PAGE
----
James Joyce’s review published on Letterboxd:
A beautifully made film that touches the heart in so many ways. This is by far one of Pixar's greatest and most enjoyable films. It follows a robot who is the last functioning waste disposal robot of its kind as it tries to clean up the earth, and ends up meeting a fellow, more modern robot, sent to earth in search of life so that the humans on a ship far away in the galaxy can come back and start again at life on earth, after they left it cluttered with waste. What follows is a heart-wrenchingly funny, sad and ultimately poignant tale about life, that touches on the serious notes of consumerism, our environment and technology.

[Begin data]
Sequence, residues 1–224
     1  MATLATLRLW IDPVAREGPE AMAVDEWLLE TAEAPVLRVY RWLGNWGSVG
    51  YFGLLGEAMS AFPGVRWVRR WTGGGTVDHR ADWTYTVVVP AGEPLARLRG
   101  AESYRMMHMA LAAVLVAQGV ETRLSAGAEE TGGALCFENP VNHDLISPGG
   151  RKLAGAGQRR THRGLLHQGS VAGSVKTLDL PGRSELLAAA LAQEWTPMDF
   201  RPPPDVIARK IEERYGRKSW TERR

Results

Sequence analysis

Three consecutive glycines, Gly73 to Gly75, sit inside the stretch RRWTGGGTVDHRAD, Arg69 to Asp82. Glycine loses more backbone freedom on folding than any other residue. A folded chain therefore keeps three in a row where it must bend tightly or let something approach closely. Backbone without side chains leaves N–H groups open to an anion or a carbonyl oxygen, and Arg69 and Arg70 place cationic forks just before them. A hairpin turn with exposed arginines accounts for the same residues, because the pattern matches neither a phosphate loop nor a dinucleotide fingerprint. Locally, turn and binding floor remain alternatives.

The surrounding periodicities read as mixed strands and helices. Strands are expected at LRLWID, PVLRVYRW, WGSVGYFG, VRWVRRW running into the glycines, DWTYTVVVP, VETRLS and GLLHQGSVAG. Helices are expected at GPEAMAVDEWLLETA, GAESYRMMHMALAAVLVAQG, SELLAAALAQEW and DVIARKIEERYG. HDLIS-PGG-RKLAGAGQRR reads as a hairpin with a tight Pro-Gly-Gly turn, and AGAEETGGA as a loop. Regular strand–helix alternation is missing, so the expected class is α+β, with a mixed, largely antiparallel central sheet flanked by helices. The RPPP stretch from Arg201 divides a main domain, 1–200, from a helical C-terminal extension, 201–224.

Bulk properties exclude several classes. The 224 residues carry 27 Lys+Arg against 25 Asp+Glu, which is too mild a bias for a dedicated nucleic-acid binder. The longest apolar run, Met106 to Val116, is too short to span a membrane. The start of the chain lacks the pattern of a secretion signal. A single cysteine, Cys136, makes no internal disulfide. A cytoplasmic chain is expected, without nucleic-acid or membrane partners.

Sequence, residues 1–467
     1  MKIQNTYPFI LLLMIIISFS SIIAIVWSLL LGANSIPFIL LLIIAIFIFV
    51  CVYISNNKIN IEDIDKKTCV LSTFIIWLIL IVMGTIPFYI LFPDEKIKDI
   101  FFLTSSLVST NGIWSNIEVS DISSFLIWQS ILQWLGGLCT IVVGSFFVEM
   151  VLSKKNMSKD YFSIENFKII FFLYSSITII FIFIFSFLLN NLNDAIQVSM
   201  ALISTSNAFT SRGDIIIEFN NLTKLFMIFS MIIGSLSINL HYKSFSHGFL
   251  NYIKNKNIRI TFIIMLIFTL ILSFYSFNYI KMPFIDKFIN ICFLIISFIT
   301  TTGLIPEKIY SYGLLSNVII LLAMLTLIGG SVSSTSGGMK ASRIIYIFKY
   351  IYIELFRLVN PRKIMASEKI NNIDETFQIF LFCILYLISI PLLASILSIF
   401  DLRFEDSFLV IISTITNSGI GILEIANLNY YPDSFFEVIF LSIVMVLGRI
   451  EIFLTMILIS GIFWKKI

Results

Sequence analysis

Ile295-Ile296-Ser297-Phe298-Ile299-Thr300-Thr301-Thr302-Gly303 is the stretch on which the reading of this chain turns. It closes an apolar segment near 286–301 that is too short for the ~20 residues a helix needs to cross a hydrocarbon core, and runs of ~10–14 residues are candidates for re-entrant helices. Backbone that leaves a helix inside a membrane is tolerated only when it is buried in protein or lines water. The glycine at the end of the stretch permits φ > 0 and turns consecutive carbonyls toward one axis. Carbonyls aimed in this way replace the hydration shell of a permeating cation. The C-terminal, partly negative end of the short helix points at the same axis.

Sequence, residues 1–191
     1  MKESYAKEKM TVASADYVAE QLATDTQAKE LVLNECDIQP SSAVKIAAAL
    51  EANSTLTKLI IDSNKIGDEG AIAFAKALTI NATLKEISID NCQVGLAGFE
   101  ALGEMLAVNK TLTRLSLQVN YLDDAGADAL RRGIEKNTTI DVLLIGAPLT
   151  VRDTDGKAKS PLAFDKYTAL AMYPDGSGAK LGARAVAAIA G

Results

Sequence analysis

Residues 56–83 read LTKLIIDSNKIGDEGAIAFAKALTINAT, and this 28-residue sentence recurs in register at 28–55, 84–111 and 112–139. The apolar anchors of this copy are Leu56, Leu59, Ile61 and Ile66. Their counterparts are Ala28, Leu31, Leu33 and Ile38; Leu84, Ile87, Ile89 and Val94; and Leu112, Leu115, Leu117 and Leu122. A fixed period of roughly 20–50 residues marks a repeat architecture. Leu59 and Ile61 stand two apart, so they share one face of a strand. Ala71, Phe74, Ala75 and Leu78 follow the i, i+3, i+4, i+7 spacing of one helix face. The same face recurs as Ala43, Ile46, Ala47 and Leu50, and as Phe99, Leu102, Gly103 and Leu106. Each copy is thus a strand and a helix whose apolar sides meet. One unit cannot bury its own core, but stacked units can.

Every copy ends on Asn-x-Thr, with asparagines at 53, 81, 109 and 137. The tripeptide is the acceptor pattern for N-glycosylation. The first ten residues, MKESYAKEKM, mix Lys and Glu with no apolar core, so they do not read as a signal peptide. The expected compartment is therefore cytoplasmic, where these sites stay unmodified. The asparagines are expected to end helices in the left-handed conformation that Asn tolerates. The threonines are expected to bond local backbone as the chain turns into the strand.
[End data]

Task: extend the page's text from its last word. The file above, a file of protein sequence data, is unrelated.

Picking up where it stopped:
One of the great aspects of the film is the minimal dialogue, especially in the first half an hour or so when all the communications said are 'wall-e', 'eve' and sounds the robots make, while the rest you work out from the body language of the two robots themselves. The animation is also very well done and looks fantastic, more so when the film ventures into space, where the animation and the cinematography match harmoniously with music. Thomas Newman provides another great score and when added to the film, hits the right emotion in every scene spectacularly.
The comedic element between Wall-E and EVE (and the other robots), holds the film together in certain places, while the perfectly written script does a superb job of showing the relationship between the two robots blossom so eloquently. In total, a family classic that will make everyone either laugh or cry at some point and one that everyone should see.